In a hole
Jeremiah was literally in a hole. They dropped him in an empty cistern and he sank into the mud (Jer.38). They left him to starve/dehydrate to death. It was a very dark place but Jeremiah went on to get free from the hole he was in and wrote these words.
My soul has been deprived of peace; I have forgotten what happiness is.
18 Then I thought: My future is lost, as well as my hope from the Lord.
19 Remember my affliction and my homelessness, the wormwood and the poison.
20 I continually remember them and have become depressed.
21 Yet I call this to mind, and therefore I have hope:
22 Because of the Lord's faithful love we do not perish, for His mercies never end.
23 They are new every morning; great is Your faithfulness!
24 I say: The Lord is my portion, therefore I will put my hope in Him.
25 The Lord is good to those who wait for Him, to the person who seeks Him.
26 It is good to wait quietly for deliverance from the Lord. Lam 3:17-26 HCSB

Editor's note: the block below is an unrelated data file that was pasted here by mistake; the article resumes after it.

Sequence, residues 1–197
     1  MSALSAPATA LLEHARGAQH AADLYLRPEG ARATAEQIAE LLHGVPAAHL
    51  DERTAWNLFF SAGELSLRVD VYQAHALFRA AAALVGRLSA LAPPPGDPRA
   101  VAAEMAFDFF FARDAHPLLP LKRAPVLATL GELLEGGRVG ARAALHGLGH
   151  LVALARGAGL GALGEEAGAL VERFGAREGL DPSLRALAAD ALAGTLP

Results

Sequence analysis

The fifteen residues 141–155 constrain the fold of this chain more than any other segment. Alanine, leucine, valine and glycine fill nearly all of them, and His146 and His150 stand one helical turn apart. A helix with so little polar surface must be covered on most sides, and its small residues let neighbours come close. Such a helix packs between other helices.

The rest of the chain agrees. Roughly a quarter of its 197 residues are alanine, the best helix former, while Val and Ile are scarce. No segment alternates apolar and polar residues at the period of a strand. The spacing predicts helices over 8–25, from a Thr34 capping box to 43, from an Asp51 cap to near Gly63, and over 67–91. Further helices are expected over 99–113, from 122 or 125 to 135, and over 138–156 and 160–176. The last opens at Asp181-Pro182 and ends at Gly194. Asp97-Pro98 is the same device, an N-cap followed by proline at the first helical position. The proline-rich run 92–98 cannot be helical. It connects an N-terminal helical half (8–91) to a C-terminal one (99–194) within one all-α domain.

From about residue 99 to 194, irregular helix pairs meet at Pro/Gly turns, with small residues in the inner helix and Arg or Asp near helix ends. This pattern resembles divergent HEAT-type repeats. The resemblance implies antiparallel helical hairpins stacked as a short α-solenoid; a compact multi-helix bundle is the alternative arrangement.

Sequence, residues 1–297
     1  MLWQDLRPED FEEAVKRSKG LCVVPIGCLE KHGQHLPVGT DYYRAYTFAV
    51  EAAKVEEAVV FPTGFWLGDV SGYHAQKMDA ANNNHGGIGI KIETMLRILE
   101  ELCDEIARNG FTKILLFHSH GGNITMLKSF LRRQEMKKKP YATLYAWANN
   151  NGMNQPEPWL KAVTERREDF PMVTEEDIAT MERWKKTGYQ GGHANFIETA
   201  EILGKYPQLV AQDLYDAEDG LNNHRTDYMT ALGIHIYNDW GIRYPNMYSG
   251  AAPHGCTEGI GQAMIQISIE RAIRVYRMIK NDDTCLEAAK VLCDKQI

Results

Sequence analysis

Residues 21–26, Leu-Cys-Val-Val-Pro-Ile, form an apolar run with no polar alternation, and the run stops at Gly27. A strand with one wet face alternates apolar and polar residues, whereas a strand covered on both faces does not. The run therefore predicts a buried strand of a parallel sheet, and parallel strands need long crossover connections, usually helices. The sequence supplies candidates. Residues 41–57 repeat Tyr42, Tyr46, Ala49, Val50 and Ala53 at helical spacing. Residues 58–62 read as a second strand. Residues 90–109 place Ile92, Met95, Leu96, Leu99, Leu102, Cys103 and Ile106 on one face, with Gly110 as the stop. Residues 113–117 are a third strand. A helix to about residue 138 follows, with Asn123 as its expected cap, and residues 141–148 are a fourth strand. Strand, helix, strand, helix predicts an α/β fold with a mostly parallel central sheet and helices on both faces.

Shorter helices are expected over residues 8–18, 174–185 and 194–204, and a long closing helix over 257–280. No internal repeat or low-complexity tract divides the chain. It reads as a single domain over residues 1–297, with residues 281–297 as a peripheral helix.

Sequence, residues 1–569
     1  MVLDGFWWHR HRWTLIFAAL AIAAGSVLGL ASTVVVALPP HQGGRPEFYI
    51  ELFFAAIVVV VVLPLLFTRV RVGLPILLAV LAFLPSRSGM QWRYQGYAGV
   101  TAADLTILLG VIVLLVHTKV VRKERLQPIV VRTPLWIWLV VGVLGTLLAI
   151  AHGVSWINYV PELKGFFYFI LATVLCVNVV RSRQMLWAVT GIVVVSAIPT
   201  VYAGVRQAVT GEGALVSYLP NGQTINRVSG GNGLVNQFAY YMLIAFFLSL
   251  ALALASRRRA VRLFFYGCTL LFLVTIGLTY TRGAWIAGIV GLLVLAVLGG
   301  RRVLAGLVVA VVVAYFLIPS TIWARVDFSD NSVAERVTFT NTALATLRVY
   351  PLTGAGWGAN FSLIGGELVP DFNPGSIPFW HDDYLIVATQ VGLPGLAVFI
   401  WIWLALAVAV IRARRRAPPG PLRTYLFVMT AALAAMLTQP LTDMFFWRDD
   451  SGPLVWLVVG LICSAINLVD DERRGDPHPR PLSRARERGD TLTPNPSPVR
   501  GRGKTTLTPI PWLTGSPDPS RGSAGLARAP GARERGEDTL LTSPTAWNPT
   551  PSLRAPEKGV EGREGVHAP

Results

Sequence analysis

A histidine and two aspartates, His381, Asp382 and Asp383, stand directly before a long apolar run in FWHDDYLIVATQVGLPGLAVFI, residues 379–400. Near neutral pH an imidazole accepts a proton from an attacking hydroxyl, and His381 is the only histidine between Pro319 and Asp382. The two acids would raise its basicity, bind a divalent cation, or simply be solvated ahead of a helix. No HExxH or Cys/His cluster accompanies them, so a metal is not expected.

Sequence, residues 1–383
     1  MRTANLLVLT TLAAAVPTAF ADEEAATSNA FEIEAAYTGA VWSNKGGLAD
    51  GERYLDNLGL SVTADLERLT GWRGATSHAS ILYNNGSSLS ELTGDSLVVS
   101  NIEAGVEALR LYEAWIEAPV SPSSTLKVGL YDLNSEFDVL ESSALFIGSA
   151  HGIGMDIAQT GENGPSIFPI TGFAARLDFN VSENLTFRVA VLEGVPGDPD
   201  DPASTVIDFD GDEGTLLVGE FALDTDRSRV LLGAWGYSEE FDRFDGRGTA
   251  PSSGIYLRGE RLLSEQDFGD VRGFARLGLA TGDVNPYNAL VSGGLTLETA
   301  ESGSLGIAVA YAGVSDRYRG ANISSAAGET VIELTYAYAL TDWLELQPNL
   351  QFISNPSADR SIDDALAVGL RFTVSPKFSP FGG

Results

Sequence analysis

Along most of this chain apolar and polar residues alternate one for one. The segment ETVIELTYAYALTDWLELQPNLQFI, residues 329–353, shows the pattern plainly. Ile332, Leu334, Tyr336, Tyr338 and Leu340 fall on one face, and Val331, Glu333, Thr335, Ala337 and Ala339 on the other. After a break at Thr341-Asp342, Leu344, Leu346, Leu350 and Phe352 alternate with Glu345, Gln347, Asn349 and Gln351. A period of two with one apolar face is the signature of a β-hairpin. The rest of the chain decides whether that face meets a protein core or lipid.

Jeremiah had forgotten what happiness was, he had no peace or hope and thought he had no future. He had suffered homelessness, affliction, bitterness and the poison of others lips; he continually remembered his life-issues and by his own confession had become depressed.
Does this sound like anyone you know?
For this dark prophet, there was a confession of depression followed by his own route out from the hole he was in.
Having a strategy
His strategy was simple;
i. He called to mind the goodness of God and meditated on it
ii. He recognised the transitory nature of life